Despite usual good Russian photography, a powerful score, a couple of nice performances and flashes of original direction, Ivan the Terrible has so much that is tiresome, has so little action, and becomes so involved that the average history student hardly will recognize this glorified Ivan. Additionally, it has the ususal quota of Soviet propaganda. These heavy-handed propaganda slugs include bows to the common folks, the merchants and tradesmen, pleas for a strong Russia, united to face the world and halt foreign intrigue.
Yarn makes Ivan virtually a saint, and at least the final saviour of his people. Story hardly depicts him as the man known in history, and seldom as one of action. It never measures up to its initial premise or even its opening colorful coronation scene.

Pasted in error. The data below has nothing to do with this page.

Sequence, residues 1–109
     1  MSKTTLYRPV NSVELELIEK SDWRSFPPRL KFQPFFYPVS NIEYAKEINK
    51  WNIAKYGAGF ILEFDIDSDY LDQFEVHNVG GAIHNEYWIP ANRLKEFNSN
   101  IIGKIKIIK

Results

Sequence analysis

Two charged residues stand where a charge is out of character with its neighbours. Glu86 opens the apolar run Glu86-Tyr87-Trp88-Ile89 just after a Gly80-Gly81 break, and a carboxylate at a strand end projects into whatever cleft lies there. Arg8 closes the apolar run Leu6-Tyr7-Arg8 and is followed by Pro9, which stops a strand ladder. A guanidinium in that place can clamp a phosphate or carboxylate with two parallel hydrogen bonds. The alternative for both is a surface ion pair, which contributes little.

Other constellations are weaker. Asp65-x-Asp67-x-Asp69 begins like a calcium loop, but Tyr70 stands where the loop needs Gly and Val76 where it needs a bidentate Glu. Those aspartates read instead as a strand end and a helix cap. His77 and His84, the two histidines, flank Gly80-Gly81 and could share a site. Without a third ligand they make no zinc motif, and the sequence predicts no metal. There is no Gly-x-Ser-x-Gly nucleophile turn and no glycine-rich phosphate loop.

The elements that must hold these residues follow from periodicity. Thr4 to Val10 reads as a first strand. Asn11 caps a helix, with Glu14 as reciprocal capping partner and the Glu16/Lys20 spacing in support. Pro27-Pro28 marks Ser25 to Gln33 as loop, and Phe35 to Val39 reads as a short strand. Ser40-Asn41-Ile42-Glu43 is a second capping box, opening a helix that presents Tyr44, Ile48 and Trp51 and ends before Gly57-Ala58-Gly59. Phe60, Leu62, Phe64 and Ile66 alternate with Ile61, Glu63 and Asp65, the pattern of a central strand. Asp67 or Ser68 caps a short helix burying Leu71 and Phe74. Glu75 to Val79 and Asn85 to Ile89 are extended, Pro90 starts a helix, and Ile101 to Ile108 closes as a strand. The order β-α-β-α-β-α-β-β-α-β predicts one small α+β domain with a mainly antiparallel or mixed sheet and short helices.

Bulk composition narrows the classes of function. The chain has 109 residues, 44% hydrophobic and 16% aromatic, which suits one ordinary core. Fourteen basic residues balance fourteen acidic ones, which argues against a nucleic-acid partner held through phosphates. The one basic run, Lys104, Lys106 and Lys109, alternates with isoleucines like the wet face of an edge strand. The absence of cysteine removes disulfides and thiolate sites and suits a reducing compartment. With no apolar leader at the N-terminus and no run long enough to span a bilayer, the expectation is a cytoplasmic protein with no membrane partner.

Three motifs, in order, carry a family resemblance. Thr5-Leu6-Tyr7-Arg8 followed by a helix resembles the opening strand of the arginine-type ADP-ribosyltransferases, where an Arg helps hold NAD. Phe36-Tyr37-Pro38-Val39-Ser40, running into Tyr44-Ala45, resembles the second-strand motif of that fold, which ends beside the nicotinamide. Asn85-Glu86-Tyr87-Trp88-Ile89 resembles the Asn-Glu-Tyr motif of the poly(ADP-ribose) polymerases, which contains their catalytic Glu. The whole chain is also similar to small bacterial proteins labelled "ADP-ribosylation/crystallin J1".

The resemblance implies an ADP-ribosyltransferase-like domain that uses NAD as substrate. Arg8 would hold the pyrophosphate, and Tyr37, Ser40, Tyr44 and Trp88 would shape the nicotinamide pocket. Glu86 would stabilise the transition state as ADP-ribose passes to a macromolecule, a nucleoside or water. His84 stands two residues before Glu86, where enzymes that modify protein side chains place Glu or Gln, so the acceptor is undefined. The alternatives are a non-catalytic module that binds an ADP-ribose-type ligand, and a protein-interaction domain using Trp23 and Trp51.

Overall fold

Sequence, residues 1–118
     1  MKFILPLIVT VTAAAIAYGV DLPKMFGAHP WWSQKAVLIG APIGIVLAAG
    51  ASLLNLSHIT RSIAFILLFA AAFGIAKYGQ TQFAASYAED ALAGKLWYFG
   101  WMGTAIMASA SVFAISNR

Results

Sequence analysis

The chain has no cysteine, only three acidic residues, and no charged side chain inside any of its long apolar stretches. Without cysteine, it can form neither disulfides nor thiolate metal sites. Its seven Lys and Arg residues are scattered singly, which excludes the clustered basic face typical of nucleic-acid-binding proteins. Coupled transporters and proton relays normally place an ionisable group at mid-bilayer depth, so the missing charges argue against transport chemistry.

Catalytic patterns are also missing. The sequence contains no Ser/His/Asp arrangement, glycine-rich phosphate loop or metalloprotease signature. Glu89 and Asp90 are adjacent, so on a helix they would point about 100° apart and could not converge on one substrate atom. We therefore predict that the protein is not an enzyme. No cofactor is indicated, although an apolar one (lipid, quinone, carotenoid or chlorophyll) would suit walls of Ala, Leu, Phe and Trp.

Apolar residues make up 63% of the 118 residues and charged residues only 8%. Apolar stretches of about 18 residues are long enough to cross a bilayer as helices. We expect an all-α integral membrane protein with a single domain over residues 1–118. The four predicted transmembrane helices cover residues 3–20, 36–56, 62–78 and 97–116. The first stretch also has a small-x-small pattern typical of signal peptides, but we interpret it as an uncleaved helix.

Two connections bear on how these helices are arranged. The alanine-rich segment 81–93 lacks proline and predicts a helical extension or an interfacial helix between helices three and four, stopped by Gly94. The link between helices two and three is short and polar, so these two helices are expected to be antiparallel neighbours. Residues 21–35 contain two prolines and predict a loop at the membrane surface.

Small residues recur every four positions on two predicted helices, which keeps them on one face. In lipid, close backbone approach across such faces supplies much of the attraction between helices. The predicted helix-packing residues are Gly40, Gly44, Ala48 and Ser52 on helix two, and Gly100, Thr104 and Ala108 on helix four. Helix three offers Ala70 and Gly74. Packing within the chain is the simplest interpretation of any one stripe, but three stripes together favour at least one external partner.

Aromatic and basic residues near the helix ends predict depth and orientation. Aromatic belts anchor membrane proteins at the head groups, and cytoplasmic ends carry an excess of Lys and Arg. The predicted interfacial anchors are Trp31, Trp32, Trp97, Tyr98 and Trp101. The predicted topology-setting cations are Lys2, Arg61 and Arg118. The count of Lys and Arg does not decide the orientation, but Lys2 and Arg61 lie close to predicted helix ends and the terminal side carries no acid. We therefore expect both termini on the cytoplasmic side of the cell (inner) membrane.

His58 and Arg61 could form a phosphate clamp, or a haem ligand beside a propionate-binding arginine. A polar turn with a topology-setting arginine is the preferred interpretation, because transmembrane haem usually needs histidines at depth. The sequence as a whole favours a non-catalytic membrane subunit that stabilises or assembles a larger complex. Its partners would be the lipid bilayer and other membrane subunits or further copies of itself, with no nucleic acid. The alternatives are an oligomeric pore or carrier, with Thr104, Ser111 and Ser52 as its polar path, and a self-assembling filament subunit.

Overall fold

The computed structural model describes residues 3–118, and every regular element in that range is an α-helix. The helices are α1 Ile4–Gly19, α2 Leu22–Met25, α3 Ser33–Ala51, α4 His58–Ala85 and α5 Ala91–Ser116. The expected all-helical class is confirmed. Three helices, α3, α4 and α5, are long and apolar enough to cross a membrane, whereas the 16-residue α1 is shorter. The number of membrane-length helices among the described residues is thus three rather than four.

There’s an impressive final scene where thousands of Ivan’s friends follow him in the snow away from Moscow and his scheming enemies. But that sequence, like the battle scene and several others, never quite rises to its potentialities because of flighty direction or cutting, or a combination of both. Prinicpal fault seems to lie in the fact that the producers fail to make up their minds as to whether it is a spectacle, a historical opus or a character study of Ivan.
On the credit side is a splendid score by Sergei Prokofiev, fairly good if spotty direction by Sergei Eisenstein, fine camerawork, and the superb character portrayal of Ivan by Nikolai Cherkasov.